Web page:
Lawmakers want to make sure the U.S. Air Force can keep the right mix of intelligence, surveillance and reconnaissance aircraft over the next few years, given the anticipated shutdown of the MQ-9 Reaper production line and the proposed retirement of the service's long-range Global Hawk drones.
In its markup of the fiscal 2021 National Defense Authorization Act legislation, the House Armed Services Tactical Air and Land Forces subcommittee said the Air Force can retire a portion of its Global Hawk fleet, as long as it gets the proper sign-off from top Defense Department officials to ensure it does not create a capability gap in the service's mission.
In its budget submission published in February, the Air Force said it would retire 24 RQ-4 Global Hawk drones, some of which are used as a networking Battlefield Airborne Communications Node, or BACN. The service specifically proposed shuttering 21 of its older Block 20 and Block 30 RQ-4s, and three BACN EQ-4Bs.
The subcommittee said it will prohibit those retirements until Under Secretary of Defense for Acquisition and Sustainment Ellen Lord can assure that any capability developed to replace the RQ-4 aircraft is cheaper to maintain and sustain. In addition, Gen. John Hyten, vice chairman of the Joint Chiefs of Staff, must stipulate in his Joint Requirements Oversight Council role that the potential replacement would result "in equal or greater capability available to the commanders of the combatant commands," according to the legislation.
Alternatively, Defense Secretary Mark Esper could make these decisions, it adds.
House Armed Services Committee members said Gen. Kenneth McKenzie, head of U.S. Central Command, also must OK the retirement of the EQ-4 aircraft being used as communication nodes. In its budget request, the service proposed a new buy of five E-11A manned BACN aircraft to replace the EQ-4s; it lost an E-11 in Afghanistan earlier this year.
The legislation's language reveals lawmakers' reluctance to back the Air Force's Advanced Battle Management System (ABMS), which is designed to leverage air and space platforms to fuse together intelligence data from around the world, once it is constructed. The Government Accountability Office in April released its analysis of ABMS, stating the Air Force has yet to prove how the intricate network will work.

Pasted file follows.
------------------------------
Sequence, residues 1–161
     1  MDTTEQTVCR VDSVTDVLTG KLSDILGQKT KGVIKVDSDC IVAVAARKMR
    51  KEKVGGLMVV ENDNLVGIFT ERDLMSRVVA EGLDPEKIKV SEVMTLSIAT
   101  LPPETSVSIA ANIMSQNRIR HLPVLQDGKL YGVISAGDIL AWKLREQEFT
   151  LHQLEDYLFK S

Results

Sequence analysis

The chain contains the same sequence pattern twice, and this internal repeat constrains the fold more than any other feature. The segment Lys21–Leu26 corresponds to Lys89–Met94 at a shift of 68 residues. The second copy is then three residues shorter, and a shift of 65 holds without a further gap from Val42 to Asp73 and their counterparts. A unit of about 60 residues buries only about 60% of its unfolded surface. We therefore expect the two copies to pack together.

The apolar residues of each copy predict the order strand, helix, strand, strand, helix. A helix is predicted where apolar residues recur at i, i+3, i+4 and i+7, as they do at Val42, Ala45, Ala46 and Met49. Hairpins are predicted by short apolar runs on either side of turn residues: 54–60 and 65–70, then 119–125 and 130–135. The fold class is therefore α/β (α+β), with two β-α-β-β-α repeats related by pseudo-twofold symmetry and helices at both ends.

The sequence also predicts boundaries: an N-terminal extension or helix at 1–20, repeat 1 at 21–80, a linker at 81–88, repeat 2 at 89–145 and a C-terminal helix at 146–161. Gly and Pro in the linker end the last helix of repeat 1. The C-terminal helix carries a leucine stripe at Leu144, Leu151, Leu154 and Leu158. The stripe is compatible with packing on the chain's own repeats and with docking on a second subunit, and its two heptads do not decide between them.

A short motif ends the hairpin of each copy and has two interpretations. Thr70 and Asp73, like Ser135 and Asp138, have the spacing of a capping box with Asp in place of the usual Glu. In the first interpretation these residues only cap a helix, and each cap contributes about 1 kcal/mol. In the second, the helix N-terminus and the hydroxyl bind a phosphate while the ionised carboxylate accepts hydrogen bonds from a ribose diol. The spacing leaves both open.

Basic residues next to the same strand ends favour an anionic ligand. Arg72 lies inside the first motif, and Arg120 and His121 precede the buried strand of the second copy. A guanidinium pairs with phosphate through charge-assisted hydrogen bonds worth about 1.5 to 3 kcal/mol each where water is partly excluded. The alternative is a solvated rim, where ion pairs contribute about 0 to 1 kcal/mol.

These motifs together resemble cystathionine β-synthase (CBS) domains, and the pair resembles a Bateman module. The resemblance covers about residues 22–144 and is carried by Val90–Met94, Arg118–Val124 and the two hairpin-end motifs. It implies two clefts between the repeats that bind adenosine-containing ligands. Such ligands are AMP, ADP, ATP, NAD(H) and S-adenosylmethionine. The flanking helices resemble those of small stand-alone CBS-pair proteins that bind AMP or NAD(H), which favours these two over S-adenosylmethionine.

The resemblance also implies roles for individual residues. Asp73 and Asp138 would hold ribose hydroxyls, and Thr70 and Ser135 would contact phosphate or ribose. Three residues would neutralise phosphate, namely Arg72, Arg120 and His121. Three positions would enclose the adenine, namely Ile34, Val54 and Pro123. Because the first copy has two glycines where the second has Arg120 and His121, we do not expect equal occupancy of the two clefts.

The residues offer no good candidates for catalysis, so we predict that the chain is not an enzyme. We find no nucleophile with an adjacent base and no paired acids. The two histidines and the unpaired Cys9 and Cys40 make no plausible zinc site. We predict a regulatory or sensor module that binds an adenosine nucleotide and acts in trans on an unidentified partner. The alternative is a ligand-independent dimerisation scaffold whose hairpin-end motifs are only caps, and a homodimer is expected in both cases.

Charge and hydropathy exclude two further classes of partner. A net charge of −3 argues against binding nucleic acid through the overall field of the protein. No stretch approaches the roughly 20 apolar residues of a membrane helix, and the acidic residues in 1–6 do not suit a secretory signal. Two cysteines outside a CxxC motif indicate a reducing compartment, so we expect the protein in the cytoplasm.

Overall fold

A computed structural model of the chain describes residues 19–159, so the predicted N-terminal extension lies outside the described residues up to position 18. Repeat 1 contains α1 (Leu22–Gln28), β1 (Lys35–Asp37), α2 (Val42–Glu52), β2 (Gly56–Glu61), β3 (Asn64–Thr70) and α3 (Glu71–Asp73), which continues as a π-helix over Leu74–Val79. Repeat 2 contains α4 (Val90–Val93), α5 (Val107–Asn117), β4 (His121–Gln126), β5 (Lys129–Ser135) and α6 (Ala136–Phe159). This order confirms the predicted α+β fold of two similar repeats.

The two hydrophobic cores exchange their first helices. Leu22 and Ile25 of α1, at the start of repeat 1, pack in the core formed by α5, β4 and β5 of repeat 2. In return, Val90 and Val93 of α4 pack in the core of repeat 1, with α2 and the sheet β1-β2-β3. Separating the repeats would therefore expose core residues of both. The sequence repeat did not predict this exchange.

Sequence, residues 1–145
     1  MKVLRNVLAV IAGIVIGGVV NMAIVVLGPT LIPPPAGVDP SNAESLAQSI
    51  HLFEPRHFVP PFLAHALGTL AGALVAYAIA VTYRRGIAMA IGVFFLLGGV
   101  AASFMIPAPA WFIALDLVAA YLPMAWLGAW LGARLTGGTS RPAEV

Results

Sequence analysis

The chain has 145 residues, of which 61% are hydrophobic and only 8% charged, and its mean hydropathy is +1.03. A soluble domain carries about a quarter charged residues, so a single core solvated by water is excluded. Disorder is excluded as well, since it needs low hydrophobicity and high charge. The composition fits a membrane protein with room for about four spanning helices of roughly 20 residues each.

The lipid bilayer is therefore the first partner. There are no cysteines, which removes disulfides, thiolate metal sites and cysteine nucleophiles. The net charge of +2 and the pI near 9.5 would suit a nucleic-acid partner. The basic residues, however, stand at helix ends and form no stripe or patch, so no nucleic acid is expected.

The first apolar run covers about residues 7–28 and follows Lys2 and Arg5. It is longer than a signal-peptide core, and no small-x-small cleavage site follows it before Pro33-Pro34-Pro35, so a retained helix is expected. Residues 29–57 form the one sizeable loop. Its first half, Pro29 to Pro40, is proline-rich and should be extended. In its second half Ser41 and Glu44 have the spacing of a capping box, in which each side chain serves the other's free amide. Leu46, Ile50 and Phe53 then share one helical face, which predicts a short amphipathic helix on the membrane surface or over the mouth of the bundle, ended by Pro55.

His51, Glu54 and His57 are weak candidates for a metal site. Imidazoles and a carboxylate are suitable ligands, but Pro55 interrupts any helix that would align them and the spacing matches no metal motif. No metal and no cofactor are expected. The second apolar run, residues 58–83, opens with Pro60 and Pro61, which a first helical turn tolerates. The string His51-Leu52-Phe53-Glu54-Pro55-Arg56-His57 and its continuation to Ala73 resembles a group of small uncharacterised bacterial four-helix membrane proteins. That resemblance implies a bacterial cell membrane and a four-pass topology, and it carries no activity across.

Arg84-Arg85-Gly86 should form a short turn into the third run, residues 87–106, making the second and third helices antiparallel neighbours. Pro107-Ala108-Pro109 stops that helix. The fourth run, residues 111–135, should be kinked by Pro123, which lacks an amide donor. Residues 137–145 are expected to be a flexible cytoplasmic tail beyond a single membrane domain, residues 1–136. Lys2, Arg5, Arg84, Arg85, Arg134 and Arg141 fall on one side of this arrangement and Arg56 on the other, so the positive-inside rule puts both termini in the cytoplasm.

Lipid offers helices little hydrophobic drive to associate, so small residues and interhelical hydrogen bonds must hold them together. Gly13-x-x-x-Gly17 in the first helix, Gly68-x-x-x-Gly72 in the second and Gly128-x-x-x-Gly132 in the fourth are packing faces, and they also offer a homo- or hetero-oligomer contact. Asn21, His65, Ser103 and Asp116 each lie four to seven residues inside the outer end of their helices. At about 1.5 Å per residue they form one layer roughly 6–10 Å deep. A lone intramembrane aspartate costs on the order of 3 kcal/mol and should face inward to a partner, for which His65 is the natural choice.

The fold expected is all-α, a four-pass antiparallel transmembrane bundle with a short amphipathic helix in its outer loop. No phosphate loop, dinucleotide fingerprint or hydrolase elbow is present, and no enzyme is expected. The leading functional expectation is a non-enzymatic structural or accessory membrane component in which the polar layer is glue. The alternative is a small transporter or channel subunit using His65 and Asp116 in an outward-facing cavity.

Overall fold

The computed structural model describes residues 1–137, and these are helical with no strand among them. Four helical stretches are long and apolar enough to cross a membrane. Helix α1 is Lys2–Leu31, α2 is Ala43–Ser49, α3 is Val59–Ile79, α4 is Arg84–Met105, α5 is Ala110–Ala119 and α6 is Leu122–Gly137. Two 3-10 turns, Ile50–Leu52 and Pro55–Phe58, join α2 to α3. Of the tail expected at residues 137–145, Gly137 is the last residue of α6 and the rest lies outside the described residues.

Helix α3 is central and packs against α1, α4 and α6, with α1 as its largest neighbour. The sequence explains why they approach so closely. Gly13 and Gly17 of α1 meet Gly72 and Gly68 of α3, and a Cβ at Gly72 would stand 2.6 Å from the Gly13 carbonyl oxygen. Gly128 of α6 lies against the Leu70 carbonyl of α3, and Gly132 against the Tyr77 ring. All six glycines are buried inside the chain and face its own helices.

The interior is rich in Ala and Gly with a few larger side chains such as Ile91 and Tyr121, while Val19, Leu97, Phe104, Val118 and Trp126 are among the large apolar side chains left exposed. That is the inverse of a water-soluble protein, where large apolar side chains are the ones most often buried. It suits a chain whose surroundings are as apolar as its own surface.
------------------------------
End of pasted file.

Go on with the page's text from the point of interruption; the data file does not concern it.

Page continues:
"The authorities of Air Force offices to plan and execute ABMS efforts are not fully defined," the GAO said. "Unless addressed, the unclear decision-making authorities will hinder the Air Force's ability to effectively execute and assess ABMS development across multiple organizations."
The lawmakers took that a step further Monday, stating they will cut the ABMS funding effort by 50% if the Air Force moves ahead with the RQ-4 retirements.
"Right now, none of those conditions have been met to give us any sort of peace of mind that the Air Force's fiscal year 2021 [move] to divest Block 30 is [an] acceptable risk," said a committee aide speaking to reporters on background.
The Air Force wants over $300 million -- more than double last year's enacted funding of $144 million -- for the ABMS project, according to the budget request.
Under a previous moratorium, the service cannot retire its E-8 Joint Surveillance Target Radar Attack System (JSTARS) aircraft until a comparable capability is identified and can be made readily available, lawmakers reiterated. ABMS is intended to replace, to some degree, JSTARS.
Lawmakers want more attention paid to the increased global use of drones, which is why they're also asking for a drone roadmap -- including future purchases and sustainment -- to coincide with the service's outlook.
The Air Force's "[budget] request proposed immediate divestment of all RQ-4 Global Hawk Block 30 multi-intelligence aircraft, as well as an end to the MQ-9 Reaper production line in fiscal year 2020 without any time to allow for adequate supply chain management planning," lawmakers said in the legislation. "While these changes may align with long-term Air Force strategy, the absence of such a strategy incorporating both current and future capabilities concerns the committee.
"The Secretary of the Air Force [must] provide a comprehensive strategy for Air Force airborne intelligence, surveillance, and reconnaissance (ISR) to ensure alignment between requirements, future Air Force budget submissions, and authorization of appropriations," they added.